39 E - Governance and compliance Security policies need to account for overarching business information requirements. Each device's deficiencies to fulfill the common requirements should be identified and mitigated. For example, set a policy that no device, personal or company-owned, should be allowed to access business data until appropriate encryption controls are put in place. Incorporate mobile security into the company s overall risk management program. Maintain logs of interactions between mobile devices and the company s VPN gateway and data transmission to and from servers within the intranet. Include mobile devices in the company s periodic security audit. Specify detailed roles and responsibilities in managing and securing the devices. Periodic reporting of security policy enforcement status. Establish a deployment plan, including periodic updates and continuous risk assessments. Provide a periodic compliance report to the C-suite / D & O s / business line managers. Include vendor, product vetting, status, trends. Prioritize security policy choices based on the way that information will be accessed and shared.
40 F - Education and training No security policy can be complete without fully addressing the user / people part of the cyber equation (along with processes and product / technology) where effective education and training can be a significant risk reduction endeavor. It s not enough to have employees just sign a user agreement, but rather actually keep them fully aware and adequately trained to do their part in supporting mobile security. Especially as it s a general rule of thumb that humans are the root cause of around 90% of all security incidents where for example, phishing attacks are the entry point for more than 90% of malware insertions. Provide effective and periodic employee education on securing mobile devices; use personal examples that translate to the work force as well the training effect will last a lot longer. The roles and responsibilities in the security policy must clearly delineate user tasks; establish a monitoring program to ensure awareness and compliance / enforcement when needed.
41 Varied mobile risks and security issues The key concerns therein tend to be common and user based: Employees accidentally accessing malicious sites or downloading malicious content. Employee awareness about security policies. Employees intentionally ignoring security policies. Lost or stolen mobile devices with corporate data. Keeping security updates current. Users changing or upgrading their mobile devices. Lack of sufficient scalability of the VPN infrastructure. Inadequate integration with company network access controls or endpoint management. Inadequate user authentication.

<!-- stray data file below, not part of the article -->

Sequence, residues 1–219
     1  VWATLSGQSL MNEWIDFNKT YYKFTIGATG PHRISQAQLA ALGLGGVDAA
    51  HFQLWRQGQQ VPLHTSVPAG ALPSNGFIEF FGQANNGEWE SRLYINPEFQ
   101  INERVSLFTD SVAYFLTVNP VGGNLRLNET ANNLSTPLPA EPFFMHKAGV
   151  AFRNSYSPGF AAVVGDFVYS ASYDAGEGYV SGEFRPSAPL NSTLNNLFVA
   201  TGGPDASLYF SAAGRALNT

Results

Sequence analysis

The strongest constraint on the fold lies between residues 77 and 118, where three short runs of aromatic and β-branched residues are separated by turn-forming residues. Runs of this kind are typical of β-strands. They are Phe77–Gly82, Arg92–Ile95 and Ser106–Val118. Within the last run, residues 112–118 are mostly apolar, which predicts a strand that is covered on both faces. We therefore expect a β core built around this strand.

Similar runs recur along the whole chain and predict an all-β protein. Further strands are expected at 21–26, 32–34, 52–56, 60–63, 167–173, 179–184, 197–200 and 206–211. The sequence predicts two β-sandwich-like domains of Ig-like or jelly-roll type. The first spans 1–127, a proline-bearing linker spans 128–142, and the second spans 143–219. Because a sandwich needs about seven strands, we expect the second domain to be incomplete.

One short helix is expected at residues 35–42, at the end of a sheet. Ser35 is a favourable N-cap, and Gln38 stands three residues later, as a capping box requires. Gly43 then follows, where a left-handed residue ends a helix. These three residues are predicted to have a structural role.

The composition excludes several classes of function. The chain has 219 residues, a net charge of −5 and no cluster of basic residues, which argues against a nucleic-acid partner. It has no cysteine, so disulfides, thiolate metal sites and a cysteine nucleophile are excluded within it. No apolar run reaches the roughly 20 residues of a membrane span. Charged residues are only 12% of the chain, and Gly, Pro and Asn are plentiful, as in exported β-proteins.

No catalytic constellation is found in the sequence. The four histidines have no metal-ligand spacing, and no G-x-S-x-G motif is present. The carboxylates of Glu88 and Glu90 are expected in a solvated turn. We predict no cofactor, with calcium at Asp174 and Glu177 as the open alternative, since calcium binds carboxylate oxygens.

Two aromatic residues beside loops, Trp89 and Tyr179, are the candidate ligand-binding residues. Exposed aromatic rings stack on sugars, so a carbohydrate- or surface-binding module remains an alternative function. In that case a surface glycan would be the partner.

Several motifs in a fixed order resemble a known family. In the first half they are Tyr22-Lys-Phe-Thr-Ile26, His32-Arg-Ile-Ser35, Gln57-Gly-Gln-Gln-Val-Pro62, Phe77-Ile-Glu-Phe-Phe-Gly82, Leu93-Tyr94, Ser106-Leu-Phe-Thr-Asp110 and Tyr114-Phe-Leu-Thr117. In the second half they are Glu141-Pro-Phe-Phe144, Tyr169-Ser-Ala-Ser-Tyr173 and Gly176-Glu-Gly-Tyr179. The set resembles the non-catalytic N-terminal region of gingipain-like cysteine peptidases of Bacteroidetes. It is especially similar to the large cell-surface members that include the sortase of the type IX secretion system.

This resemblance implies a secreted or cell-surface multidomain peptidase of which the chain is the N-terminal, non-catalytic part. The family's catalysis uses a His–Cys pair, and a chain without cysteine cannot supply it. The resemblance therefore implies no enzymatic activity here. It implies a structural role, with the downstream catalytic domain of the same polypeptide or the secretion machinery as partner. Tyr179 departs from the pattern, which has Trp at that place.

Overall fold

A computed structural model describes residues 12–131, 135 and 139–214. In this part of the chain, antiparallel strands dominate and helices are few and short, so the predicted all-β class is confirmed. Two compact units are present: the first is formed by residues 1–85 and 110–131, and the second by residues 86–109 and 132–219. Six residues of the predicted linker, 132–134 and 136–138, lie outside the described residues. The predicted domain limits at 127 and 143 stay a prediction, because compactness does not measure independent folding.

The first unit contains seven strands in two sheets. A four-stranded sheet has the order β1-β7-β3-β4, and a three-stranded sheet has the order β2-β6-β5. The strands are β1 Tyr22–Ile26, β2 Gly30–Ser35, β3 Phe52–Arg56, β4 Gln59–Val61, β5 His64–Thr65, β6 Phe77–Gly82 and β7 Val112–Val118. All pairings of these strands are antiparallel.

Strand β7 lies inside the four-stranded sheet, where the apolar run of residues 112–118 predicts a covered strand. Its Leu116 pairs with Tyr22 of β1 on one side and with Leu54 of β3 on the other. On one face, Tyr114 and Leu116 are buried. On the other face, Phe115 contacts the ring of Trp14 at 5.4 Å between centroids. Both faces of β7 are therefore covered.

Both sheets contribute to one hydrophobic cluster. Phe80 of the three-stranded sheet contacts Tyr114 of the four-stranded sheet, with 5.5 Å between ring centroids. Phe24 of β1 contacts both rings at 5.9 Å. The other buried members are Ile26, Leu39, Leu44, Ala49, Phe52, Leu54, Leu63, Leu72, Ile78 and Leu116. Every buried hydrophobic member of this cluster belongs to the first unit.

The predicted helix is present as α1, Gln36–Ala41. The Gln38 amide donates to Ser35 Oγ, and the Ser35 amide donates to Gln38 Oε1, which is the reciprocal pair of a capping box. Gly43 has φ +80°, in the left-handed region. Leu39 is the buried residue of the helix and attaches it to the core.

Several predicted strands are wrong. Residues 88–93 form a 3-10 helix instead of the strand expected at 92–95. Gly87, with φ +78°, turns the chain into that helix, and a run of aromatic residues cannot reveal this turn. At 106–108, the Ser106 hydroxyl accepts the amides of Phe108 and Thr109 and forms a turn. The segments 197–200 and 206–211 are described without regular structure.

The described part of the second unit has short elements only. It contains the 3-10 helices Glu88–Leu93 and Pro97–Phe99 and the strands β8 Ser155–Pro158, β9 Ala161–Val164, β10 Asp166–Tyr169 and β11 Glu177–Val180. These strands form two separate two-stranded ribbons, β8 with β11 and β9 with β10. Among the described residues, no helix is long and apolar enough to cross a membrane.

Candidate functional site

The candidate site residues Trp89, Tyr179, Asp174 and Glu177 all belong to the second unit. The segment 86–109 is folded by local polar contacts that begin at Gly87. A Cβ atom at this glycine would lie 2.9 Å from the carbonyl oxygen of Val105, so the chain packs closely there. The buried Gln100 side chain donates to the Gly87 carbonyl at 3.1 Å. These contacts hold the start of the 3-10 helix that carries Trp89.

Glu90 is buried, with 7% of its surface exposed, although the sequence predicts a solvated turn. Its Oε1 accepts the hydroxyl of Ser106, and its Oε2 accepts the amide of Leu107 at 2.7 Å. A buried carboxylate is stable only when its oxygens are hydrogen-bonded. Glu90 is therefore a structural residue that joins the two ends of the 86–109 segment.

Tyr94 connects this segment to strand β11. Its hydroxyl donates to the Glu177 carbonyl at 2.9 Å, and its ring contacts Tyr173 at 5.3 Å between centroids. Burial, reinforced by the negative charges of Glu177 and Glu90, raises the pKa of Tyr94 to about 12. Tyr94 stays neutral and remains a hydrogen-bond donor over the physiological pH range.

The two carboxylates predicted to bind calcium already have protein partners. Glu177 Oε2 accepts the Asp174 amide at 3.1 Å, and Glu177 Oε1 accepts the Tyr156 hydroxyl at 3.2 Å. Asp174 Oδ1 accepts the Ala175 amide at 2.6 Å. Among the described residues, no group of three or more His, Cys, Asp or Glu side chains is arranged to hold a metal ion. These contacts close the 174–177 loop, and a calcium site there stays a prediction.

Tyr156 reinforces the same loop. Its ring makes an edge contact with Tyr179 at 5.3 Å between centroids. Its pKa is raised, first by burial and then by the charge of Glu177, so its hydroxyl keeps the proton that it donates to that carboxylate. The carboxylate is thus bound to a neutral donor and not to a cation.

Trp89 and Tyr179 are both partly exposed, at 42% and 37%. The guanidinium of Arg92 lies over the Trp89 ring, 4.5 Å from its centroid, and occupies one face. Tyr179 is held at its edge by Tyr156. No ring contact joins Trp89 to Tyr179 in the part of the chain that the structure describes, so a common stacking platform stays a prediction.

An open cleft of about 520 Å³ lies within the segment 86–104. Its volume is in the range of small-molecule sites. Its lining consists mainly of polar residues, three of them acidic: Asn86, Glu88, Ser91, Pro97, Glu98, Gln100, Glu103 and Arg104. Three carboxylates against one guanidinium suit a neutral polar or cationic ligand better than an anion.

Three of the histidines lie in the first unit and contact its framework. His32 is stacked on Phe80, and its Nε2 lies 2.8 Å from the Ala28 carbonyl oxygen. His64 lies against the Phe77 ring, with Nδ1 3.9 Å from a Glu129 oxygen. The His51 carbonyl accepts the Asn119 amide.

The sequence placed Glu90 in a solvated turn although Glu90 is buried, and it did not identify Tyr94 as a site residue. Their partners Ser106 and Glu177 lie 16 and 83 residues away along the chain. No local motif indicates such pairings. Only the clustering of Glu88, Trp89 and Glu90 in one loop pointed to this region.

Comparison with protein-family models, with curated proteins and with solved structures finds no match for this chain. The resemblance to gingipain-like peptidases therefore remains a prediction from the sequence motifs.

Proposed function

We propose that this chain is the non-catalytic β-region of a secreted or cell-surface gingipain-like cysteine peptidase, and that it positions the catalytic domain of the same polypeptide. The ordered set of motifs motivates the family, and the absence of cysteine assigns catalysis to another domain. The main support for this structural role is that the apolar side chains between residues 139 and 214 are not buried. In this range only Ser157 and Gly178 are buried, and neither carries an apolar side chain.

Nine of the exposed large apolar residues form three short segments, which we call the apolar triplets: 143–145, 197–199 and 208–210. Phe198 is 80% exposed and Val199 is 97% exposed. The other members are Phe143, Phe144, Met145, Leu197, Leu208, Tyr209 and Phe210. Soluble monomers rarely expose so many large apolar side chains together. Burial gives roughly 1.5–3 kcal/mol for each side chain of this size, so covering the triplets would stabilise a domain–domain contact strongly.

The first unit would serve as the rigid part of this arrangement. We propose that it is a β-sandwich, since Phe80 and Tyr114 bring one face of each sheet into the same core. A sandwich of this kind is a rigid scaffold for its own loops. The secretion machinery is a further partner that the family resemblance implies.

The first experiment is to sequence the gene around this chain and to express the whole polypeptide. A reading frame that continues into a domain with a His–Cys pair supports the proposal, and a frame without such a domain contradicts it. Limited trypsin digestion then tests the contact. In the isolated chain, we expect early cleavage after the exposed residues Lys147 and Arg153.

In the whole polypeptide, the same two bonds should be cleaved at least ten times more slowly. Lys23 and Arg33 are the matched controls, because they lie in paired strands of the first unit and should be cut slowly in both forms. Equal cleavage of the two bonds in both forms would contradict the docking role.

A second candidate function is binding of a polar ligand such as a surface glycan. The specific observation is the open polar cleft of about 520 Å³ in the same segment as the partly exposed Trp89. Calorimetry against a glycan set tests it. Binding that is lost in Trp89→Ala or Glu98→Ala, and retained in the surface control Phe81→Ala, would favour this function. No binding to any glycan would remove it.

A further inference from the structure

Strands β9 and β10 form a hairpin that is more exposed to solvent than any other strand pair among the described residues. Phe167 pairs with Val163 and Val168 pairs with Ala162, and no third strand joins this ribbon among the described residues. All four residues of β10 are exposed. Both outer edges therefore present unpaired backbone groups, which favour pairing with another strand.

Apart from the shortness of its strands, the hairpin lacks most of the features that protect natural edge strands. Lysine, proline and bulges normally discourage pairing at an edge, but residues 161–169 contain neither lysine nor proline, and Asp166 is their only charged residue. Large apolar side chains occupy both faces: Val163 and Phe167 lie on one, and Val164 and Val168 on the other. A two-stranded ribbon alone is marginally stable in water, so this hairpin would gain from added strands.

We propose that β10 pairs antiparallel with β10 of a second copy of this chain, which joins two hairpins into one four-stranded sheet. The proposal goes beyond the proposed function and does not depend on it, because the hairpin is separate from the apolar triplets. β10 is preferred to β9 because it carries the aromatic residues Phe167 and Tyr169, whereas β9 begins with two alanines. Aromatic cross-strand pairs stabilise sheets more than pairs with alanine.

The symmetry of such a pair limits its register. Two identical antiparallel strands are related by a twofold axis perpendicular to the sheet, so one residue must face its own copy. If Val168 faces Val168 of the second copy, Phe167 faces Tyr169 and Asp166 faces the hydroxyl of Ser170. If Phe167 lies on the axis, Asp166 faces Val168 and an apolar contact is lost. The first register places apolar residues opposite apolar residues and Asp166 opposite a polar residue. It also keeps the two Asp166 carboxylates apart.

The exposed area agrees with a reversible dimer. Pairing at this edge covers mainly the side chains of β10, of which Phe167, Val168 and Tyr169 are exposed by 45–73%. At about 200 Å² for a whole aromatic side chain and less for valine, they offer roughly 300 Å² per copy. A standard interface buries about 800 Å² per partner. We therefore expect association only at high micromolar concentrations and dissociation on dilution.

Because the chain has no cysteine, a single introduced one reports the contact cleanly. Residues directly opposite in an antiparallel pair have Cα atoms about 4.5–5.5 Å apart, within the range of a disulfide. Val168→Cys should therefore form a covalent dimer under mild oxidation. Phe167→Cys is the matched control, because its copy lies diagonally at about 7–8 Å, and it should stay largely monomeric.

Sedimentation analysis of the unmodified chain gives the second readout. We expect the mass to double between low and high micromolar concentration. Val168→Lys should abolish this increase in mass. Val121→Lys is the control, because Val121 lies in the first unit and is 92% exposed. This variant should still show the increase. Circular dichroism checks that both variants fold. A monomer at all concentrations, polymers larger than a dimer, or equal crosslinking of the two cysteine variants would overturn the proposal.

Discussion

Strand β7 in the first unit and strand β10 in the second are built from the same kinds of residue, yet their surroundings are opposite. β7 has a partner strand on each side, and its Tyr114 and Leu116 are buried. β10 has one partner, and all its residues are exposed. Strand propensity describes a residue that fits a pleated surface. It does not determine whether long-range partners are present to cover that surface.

42 Varied mobile risks and security issues The key concerns therein tend to be common and user based(cont): Mobile device jail breaking or rooting. Malicious text or SMS messaging. Inconsistent mobile device data protection policies. Insufficient data encryption. Increased costs related to supporting different mobile platforms. Compliance risks from mobile data access. Use of apps not approved by the company. Mobile malware or spyware or Trojans, bots and zero-day attacks. Poisoned domain name services (DNS).
43 Varied mobile risks and security issues The key concerns therein tend to be common and user based (cont): The lack of company employee training or awareness about responsible mobile behavior inhibits more widespread use of mobile devices. Employees often have to work around existing security policies for their jobs. Proliferation of mobile devices with confidential information and access to internal systems is an increasing security concern. Managers are not confident the mobile security policies keep them secure. Employees can unknowingly bring threats into the network via mobile devices. Mobile management and security technologies are not yet fully mature or well integrated Developing a comprehensive plan to manage mobile devices and provide greater security at the company should be top priority. Mobile security protection measures are generally weak, with little use of monitoring or metrics.
44 QR Codes Overview QR Code (Quick Response Code) Two dimensional barcode- invented by Denso Wave (Japan) Information encoded in vertical and horizontal direction Can hold up to 7,089 characters vs 20 for a standard barcode Requires QR Code reader (free mobile app scanners) As of 2012, used over much wider range of apps Commercial tracking Entertainment/ticketing Product marketing (mobile couponing for discounts) Storing a company's information (website, address) Storing personal information for use by government Business cards; vcard May appear in magazines, on signs, on buses, on business cards, or on almost any object 44 Ref: